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  • Writer's pictureDia KL

01.Arrival and the Blue Lagoon - Iceland (2006)

Updated: Feb 23, 2023

I can tell that Iceland is nowadays a very popular destination. So popular that actually the country is trying to cope with the increased demand of tourism which might be bigger than the country and the infrastructure can sustain, at least from what I hear. I can't imagine how it is now, its been more than 10 years since my visit back in 2006. Many things must have changed and its definitely a time for me to revisit. But before that, I would like to share here that trip, for the ones who have been there recently to maybe compare how things were back then when the tourists were much fewer. For the people who haven't been yet, to get inspired and go visit. Two important notes a) the economy back then was strong, June 2006 when I started my trip the exchange rate was 1€ = 95kr, checking the current rate at the moment is 1€ = 135kr and b) the number or tourists visiting Iceland in 2006 was around 400.000 people while for 2017 was a staggering 2.2 million! *All photos taken with a Canon Powershot S1 IS, 3.2 megapixels, my 1st digital camera.

01.Arrival and the Blue Lagoon - Iceland (2006)

End of June 2006, after spending some time in England I caught my flight from Stansted airport, London, to Keflavik, Iceland. I was extremely excited as visiting Iceland have been a goal for quite a long time!

These were the first views of Iceland from the flight before we land in Keflavik...

...and somehow looking out from my flights window I spotted the famous Blue Lagoon, a geothermal spa which is one of the most iconic and visited places in Iceland! Decided to be my first place to visit since its not that far from the airport.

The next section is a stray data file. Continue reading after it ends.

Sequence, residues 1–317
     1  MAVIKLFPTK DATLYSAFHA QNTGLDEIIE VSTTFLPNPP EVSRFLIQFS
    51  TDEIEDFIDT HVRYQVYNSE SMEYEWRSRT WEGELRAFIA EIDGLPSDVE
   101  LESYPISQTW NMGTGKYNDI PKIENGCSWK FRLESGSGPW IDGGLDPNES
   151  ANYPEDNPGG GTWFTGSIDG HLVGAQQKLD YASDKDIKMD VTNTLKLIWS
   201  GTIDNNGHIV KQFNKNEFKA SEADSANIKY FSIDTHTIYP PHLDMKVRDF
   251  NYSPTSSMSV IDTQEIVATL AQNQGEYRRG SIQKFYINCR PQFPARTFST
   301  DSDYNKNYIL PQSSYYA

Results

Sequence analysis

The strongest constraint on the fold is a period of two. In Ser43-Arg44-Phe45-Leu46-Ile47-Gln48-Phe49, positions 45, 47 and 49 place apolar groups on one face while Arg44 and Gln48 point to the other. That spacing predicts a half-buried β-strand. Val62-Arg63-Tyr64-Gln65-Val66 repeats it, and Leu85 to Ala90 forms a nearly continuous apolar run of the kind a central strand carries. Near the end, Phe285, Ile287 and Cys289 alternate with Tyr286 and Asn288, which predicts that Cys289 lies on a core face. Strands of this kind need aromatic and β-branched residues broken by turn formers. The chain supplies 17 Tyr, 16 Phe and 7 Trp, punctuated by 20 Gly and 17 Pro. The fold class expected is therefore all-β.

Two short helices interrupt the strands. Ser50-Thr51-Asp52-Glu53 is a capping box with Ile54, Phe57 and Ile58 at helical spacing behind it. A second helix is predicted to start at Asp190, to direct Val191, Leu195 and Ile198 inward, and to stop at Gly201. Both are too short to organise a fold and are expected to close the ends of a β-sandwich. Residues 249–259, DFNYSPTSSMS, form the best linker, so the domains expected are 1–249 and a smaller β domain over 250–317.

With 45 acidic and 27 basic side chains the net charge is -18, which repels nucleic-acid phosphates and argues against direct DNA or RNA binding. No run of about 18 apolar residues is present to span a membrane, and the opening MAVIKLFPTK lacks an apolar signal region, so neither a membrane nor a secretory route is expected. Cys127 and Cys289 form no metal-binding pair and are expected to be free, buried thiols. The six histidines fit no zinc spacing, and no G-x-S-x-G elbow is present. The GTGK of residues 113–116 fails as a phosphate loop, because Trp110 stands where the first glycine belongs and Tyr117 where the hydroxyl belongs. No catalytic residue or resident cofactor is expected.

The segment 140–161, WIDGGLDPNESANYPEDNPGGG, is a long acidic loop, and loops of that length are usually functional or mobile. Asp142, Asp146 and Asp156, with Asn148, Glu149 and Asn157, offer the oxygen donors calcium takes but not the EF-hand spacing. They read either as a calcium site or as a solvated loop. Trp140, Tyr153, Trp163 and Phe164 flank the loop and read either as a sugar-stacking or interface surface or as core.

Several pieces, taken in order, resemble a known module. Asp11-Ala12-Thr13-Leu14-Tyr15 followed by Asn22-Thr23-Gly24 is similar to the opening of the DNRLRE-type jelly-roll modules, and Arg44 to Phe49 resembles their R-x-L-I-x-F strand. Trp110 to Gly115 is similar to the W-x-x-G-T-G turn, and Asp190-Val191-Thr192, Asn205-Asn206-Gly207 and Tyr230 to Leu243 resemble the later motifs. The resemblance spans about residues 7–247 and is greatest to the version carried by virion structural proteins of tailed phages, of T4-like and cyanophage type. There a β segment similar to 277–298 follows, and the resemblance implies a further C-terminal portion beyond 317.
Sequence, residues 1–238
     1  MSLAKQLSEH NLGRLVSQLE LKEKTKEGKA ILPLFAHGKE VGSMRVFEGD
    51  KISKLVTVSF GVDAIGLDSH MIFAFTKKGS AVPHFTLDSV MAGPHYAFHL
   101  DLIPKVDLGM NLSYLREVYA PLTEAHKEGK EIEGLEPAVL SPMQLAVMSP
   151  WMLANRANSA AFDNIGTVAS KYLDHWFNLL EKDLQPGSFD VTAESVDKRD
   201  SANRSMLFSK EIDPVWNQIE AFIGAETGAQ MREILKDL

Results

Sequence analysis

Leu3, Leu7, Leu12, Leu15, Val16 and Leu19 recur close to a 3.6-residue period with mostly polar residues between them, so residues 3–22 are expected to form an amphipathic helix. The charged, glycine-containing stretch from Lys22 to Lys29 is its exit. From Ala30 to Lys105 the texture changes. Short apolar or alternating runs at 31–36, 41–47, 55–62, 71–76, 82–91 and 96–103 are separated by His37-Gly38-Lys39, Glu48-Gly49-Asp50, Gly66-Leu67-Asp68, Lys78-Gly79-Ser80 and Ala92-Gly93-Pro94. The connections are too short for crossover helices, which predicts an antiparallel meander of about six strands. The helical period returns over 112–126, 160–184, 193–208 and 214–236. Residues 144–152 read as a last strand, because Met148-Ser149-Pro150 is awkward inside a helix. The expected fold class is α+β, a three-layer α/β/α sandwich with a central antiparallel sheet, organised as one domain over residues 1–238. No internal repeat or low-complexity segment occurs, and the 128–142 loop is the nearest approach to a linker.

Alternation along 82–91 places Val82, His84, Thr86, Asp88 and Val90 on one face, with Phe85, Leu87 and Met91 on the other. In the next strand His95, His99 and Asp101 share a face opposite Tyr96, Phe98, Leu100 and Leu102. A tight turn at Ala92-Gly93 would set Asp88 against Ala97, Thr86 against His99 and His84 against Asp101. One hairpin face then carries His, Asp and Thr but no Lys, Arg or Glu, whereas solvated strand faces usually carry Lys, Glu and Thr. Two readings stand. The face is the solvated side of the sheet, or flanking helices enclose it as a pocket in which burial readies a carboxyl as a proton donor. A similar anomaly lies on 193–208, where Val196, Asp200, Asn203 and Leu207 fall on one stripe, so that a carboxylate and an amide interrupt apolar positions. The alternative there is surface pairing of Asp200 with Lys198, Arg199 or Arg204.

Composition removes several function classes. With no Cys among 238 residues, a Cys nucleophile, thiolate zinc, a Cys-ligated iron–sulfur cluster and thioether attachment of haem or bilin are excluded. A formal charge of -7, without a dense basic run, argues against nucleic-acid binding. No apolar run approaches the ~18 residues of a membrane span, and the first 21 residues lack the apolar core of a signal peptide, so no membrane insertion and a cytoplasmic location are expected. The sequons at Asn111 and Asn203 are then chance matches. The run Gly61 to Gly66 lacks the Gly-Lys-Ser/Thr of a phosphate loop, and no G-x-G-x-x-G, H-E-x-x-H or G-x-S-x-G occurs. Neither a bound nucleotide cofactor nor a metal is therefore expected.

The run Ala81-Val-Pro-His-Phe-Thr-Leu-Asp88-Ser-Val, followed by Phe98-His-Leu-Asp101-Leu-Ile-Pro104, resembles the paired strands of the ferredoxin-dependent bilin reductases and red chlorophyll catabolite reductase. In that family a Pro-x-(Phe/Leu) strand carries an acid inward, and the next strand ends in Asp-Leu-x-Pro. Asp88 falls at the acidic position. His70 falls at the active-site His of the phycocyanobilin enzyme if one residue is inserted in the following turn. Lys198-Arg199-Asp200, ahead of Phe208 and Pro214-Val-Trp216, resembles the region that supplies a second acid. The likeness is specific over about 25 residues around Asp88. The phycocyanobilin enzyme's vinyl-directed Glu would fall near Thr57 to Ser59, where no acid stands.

Quite a lot of cold but not freezing, rainy weather. Looking at the clouds and rain, an Icelandic woman smiled to me saying "This weather IS Iceland, welcome!". Caught a combination bus ticket from Keflavik airport to Reykjavik, stopping en route in the Blue Lagoon and allowing us 1.5h to enjoy. That costed (including the entry to the Blue Lagoon) 3900kr, around €41 with the exchange rate back then.

Walking through a black volcanic rock path to the entrance of the lagoon.

Just before the entrance, would be nice if I could bathe here too.

The warm waters are rich in minerals like silica and sulfur, bathing in the Blue Lagoon is reputed to help some people suffering from skin diseases. The water temperature of the lagoon averages 37–39 °C.

The lagoon is man-made and fed by the water output of the nearby geothermal power plant Svartsengi and is renewed every two days. Superheated water is vented from the ground near a lava flow and used to run turbines that generate electricity. After going through the turbines, the steam and hot water passes through a heat exchanger to provide heat for a municipal water heating system. Then the water is fed into the lagoon for us to bathe in.

Iceland has a strict code of hygiene and guests are required to shower before bathing. There are communal showers which separated by gender.

The silicate minerals is the primary cause of that water's milky blue shade. After the minerals have formed a deposit, the water reinfiltrates the ground, but the deposit renders it impermeable over time, hence the necessity for the plant to continuously dig new ponds in the nearby lava field.

In 1976, a pool formed at the site from the waste water of the geothermal power plant that had just been built there. In 1981, people started bathing in it after its supposed healing powers were popularized. In 1992, the Blue Lagoon company was established, and the bathing facility was opened for the public.

After going around taking photos and marveling this sci-fi setting I finally put on my swim suit and entered the steaming hot waters. While bathing around I found somebody I had met in the bus coming here, Noriko from Japan, Osaka. Fortunately she had a waterproof camera so we could take some shots while bathing.

After the whole experience, just before I board the bus to continue my way towards Reykjavik I decided to take a photo of myself in this endless blue...

Additional information GPS coordinates for places in this post, click on them to be redirected to the exact point in google maps Click on the names to be redirected to their official websites.

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